Author of The Joy of Saying No, Natalie Lue said that all her life she resorted to people pleasing, or was a people-pleaser, and as a person who has moved away from this, she has found life to be much more fulfilling and happier.
Lue said that growing up she often felt under pressure to do whatever was expected of her and when her parents divorced she would even feel guilty about how she divided her time between them.
How a people pleaser was born
“I received a clear message at an early age that you have to act a certain way to be accepted. There were all of these messages – at home and at school – that if you are displeasing, then you’re going to have problems. It’s your job to make other people happy. It’s your job to fulfill other people’s dreams. It’s your job to overperform and give 100%.”
“But there was a part of me that was over giving in friendships, family, at work… I was burning out because I would overdeliver, overperform and always be super reliable. And when my health was struggling because I have an immune system disease called sarcoidosis, I continued to overdeliver at work to overcompensate for doing something as terrible as being unwell.”
People pleasing, what is that exactly
By definition people pleasing means people who put the needs of others before their own. This may be a good thing to help others but when it is to your detriment and affects your mental health, it’s time to take stock and reevaluate your behavioral patterns.
People pleasing is actually anxiety which is masked
“People pleasing is an anxiety response. Whether we recognize it in the moment, or the aftermath, what we’re really saying is, ‘I’m anxious about something. I’m anxious about not being liked. I’m anxious about being rejected. Or I’m anxious that I’m not going to get what I want.’ People-pleasing is a manifestation of anxiety, and it’s also me trying to manage my anxiety which is only creating more problems for me.”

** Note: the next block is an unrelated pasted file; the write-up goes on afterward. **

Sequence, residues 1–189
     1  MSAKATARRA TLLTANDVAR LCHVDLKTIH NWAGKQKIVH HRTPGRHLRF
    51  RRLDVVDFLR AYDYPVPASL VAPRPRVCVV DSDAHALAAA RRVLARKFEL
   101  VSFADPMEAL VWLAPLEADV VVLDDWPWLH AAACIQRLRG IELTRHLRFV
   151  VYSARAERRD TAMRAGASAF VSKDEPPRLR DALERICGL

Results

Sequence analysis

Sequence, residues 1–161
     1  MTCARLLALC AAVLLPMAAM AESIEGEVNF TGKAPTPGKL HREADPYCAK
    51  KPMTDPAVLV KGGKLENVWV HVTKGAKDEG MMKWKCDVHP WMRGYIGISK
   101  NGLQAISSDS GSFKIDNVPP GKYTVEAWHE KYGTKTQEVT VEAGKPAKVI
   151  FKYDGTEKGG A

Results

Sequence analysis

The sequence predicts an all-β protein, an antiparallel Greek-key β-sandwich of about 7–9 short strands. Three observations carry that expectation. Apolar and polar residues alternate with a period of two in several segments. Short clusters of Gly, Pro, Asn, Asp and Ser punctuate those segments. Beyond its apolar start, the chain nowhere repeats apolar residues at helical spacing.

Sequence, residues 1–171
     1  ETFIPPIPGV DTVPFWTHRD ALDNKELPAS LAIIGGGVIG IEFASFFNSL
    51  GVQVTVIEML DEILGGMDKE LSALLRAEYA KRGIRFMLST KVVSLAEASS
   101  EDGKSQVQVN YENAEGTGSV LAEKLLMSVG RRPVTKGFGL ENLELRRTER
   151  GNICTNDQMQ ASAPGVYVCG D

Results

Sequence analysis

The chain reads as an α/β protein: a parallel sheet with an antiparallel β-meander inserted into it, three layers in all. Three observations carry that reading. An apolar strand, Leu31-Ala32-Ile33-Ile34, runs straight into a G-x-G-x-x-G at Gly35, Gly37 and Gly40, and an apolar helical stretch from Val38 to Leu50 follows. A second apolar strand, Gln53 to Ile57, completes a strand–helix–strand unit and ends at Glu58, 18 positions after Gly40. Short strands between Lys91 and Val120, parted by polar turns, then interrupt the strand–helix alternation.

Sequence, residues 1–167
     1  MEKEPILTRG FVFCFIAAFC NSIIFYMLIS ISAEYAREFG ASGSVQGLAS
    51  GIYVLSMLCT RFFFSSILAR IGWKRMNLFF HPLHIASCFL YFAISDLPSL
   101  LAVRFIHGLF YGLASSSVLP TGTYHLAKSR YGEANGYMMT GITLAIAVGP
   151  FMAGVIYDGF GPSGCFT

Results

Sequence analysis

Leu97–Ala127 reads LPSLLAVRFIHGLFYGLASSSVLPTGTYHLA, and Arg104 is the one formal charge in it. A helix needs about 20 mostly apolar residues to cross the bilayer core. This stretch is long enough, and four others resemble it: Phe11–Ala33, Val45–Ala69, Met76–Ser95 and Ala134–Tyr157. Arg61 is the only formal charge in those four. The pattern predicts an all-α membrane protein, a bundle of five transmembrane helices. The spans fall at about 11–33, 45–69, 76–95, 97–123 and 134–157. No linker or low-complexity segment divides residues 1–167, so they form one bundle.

How do we stop this and not over-stretch and overwhelm ourselves.
Lue says it’s important to to pay attention to yourself and to who and what you say yes to. See if your body is feeling stressed before responding.
“The average people-pleaser is high on yes. There’s a maybe or two in there but they’re low on nos. Look at where you’re spending your yes.”
“A lot of people don’t bother to check in about how they feel and acknowledge whether they want to or need to say yes. Who is it that sets off your anxiety when you see their name in your inbox or on your phone? That tension inside of you – where you’re dreading opening up your phone because you’re anticipating them asking for something – is a sign that you are people pleasing.”
Prioritize saying no
The most important step in recovering from this habit that causes you stress and at extreme levels, depression is to figure out when and where you can say no.
“When you say no authentically, you can also say yes authentically. You are doing things that are really in integrity with who you are, your values and how you want to feel instead of doing them out of obligation or for some hidden agenda.”